President Trump could delay 2020 census

OAN Newsroom
UPDATED 1:02 PM PT — Thursday, June 27, 2019

In a 5-to-4 decision the Supreme Court ruled that the Trump administration did not give an adequate reason for adding a citizenship question to the 2020 census. The case will now be kicked back to a lower court.

The administration had argued the question was needed to enforce the Voting Rights Act, while opponents said it would lead to an inaccurate population count because non-citizens or illegal immigrants may refrain from filling out the census at all. Chief Justice John Roberts joined liberals in questioning the rationale for the administration’s effort.

FILE – The Supreme Court is seen under stormy skies in Washington, D.C. (AP Photo/J. Scott Applewhite, File)

Commerce Secretary Wilbur Ross directed the census bureau to add the question last year based on a Department of Justice request, which cited the need for accurate citizenship data. The commerce department has until July 1st to further explain its reasoning for adding the question before the census goes to print.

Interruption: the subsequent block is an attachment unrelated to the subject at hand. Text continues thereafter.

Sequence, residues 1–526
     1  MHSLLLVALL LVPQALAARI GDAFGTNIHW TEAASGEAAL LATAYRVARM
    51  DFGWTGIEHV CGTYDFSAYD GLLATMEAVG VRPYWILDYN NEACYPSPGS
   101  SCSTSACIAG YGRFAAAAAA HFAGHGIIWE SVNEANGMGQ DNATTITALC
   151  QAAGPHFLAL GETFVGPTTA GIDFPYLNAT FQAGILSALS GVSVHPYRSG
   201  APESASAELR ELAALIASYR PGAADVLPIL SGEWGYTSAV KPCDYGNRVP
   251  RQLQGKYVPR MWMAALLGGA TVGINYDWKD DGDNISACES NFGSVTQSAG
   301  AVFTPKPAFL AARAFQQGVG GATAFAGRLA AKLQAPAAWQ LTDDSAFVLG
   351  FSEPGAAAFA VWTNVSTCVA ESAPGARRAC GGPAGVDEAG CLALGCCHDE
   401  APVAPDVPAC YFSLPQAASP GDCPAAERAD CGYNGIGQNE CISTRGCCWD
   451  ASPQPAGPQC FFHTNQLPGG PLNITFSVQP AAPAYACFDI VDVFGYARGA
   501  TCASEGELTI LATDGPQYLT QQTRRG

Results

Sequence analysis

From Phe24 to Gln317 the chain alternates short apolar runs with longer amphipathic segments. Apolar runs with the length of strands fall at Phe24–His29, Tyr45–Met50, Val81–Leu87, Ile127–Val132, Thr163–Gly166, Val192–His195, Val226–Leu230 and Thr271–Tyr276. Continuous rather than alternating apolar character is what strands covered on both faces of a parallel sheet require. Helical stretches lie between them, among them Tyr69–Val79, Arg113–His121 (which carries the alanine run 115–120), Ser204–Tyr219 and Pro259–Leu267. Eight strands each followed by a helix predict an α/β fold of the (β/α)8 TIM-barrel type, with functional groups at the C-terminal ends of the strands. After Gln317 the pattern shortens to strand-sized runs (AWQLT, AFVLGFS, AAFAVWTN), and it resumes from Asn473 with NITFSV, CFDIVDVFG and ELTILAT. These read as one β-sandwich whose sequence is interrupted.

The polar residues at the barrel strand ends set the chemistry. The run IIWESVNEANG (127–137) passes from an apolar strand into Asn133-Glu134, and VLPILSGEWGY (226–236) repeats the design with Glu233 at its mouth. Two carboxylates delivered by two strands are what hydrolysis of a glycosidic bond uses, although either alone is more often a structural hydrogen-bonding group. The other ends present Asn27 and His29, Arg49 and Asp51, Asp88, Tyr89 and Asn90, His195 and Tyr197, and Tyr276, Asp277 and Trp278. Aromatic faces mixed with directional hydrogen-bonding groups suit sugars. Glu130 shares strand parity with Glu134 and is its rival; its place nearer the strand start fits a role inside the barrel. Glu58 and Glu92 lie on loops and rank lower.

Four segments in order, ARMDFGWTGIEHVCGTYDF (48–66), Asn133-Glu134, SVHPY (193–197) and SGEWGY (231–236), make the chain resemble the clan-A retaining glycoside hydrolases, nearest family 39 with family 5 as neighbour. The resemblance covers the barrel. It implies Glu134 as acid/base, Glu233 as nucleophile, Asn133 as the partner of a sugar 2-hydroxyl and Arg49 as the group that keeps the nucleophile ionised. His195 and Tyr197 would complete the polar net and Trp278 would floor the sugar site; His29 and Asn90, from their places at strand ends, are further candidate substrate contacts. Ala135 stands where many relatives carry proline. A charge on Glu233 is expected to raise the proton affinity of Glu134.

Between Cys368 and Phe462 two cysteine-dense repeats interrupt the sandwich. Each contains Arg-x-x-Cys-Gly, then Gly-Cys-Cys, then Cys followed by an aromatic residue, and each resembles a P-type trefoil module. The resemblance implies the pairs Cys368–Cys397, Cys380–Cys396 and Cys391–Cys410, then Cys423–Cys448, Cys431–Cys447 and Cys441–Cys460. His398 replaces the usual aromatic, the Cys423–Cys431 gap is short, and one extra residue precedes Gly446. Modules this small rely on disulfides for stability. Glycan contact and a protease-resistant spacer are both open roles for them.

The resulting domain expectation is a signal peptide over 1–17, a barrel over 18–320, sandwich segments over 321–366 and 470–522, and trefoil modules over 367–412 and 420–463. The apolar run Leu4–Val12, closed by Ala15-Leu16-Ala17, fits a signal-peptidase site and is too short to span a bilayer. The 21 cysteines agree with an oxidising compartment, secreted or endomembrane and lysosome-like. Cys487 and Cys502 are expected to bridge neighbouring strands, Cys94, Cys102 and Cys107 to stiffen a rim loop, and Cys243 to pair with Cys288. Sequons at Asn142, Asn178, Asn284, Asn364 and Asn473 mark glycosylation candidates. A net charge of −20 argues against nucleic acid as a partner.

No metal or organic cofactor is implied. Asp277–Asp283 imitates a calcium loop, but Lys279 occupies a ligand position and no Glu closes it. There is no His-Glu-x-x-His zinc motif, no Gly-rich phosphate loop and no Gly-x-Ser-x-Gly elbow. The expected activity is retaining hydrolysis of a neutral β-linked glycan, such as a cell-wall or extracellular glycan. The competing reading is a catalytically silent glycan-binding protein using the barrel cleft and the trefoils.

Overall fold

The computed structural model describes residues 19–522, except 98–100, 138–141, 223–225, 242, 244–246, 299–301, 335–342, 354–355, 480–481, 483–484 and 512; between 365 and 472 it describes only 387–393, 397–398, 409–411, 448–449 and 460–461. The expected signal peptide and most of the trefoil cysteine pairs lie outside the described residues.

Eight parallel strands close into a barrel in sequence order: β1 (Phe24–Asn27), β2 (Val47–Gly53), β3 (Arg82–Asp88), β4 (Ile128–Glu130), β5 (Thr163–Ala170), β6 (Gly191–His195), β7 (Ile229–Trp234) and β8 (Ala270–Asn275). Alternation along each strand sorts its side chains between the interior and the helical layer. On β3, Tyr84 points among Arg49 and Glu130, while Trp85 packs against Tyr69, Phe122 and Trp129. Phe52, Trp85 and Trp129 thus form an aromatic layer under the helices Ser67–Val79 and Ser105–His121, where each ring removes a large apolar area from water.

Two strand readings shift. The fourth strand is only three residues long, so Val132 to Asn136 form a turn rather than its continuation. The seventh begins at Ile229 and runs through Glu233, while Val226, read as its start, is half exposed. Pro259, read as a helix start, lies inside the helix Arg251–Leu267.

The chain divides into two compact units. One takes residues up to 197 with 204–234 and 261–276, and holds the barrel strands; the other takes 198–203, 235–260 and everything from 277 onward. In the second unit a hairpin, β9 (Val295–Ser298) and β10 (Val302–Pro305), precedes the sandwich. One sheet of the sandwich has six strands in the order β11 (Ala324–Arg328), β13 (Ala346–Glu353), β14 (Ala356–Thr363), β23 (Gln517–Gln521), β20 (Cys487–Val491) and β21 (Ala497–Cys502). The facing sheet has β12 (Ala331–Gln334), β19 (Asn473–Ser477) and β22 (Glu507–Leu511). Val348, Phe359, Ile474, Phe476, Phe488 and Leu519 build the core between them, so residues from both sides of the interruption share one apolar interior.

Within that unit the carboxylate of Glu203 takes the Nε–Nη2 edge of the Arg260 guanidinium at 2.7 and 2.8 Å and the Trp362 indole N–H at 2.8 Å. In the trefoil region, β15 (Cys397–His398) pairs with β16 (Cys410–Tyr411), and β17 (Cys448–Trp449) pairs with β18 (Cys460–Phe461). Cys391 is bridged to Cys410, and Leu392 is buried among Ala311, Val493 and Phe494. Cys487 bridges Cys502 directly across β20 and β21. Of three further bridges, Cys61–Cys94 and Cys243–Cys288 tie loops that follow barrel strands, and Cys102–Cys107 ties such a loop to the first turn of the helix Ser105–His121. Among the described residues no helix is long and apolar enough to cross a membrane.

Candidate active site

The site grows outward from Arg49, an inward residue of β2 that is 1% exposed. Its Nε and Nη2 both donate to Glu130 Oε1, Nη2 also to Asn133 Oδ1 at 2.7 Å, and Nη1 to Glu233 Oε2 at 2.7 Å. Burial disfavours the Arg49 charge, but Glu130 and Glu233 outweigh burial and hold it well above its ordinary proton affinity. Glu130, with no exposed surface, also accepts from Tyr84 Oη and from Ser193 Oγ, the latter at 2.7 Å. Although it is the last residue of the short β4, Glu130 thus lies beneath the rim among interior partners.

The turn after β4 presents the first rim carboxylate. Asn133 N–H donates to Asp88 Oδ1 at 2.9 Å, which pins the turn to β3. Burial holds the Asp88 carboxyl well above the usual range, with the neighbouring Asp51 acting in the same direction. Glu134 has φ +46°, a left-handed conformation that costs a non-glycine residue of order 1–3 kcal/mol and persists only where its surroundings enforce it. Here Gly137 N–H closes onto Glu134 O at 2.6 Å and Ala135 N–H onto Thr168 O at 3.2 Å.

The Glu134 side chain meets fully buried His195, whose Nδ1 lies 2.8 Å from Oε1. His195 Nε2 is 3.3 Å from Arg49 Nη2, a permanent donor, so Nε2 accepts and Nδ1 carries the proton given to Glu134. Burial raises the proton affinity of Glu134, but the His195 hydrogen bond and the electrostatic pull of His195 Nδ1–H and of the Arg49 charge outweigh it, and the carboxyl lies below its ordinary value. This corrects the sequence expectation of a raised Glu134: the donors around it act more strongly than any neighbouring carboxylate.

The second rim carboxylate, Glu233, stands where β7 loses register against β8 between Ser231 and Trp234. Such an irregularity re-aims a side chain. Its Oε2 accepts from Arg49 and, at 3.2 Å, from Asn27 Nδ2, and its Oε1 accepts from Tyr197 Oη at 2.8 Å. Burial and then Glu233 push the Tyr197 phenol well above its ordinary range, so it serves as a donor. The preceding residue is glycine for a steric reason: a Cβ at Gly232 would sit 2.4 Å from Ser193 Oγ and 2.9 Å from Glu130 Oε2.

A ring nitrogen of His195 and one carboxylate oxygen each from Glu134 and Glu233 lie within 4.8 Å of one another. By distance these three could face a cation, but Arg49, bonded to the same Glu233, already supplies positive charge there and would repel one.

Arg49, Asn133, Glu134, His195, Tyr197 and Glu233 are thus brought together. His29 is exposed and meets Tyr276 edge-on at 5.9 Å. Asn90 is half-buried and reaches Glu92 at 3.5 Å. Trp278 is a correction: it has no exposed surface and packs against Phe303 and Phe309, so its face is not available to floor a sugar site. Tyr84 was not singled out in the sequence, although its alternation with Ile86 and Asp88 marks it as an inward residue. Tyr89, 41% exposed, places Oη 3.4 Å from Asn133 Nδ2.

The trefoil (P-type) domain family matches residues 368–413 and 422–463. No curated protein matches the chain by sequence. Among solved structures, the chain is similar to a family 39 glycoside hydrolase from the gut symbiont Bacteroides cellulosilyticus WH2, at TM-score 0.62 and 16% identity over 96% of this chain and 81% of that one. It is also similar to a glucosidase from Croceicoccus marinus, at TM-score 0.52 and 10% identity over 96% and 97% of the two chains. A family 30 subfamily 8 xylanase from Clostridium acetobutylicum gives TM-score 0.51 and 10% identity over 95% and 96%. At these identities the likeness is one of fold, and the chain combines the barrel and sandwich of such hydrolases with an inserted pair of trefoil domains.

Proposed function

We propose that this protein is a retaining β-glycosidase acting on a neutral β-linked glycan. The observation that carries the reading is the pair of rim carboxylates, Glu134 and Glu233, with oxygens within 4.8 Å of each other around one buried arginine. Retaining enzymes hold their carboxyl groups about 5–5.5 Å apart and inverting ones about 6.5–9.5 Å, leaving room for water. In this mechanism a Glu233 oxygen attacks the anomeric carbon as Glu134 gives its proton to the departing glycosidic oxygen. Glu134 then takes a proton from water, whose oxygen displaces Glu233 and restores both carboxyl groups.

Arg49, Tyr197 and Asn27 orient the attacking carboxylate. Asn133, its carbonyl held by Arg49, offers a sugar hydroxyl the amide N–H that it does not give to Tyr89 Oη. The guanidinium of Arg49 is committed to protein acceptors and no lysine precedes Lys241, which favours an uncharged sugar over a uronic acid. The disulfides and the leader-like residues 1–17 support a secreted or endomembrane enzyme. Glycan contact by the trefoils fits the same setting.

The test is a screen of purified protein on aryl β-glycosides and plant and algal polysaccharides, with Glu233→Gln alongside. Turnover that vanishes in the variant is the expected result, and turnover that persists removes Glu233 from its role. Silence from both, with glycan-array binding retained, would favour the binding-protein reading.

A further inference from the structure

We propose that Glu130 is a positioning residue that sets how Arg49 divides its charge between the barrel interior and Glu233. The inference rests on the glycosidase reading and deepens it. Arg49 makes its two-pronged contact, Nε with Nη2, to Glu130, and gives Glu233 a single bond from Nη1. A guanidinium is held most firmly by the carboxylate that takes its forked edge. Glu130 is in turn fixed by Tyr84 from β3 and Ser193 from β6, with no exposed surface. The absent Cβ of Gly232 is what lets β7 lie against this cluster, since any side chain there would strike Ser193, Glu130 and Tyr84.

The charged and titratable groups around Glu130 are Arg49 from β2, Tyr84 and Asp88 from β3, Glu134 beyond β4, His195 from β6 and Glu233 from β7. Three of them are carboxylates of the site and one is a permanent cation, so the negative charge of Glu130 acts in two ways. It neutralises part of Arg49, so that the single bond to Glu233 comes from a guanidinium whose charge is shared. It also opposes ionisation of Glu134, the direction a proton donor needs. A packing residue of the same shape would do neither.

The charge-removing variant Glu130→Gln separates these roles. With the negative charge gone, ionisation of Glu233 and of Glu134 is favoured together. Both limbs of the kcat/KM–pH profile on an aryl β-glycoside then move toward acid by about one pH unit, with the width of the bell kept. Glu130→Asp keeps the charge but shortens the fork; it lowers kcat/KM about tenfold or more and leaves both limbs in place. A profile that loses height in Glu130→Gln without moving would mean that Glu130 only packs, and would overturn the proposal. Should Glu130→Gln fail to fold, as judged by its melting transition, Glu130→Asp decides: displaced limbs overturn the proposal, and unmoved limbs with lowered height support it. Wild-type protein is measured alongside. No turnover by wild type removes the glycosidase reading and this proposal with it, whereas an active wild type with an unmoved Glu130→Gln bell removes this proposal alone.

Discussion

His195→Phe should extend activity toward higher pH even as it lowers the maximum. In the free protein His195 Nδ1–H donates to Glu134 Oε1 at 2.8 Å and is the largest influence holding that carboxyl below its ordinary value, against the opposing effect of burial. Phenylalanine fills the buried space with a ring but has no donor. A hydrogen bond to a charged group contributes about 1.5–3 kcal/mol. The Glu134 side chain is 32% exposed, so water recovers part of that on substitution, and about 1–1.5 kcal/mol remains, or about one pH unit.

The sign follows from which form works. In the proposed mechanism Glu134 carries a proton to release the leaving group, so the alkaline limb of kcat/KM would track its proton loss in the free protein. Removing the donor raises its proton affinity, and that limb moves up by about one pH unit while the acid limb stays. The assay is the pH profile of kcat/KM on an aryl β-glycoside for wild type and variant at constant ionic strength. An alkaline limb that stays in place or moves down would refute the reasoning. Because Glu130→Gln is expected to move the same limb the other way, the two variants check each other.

House Speaker Nancy Pelosi commented on the high courts decision Thursday.

“But whether it’s on there or not, that the American people come forward and be counted, it would be a sad occurrence if people said ‘well since it’s on there I’m not going to be counted’ because it means so much in terms of who we are as a nation,” she stated.

President Trump has said the census would be “meaningless” without the citizenship question.

“But I think when you have a census and you’re not allowed to talk about whether or not somebody is a citizen or not, that doesn’t sound so good to me,” he stated.

In a tweet after Thursday’s decision, the president said he asked lawyers to delay the census until the Supreme Court is given additional information. He then slammed the high court, saying its ridiculous that our government cannot ask a simple question such as whether someone is a citizen.

FILE – In this April 23, 2019 file photo, Immigration activists rally outside the Supreme Court as the justices heard arguments over the Trump administration’s plan to ask about citizenship on the 2020 census, in Washington, D.C.(AP Photo/J. Scott Applewhite)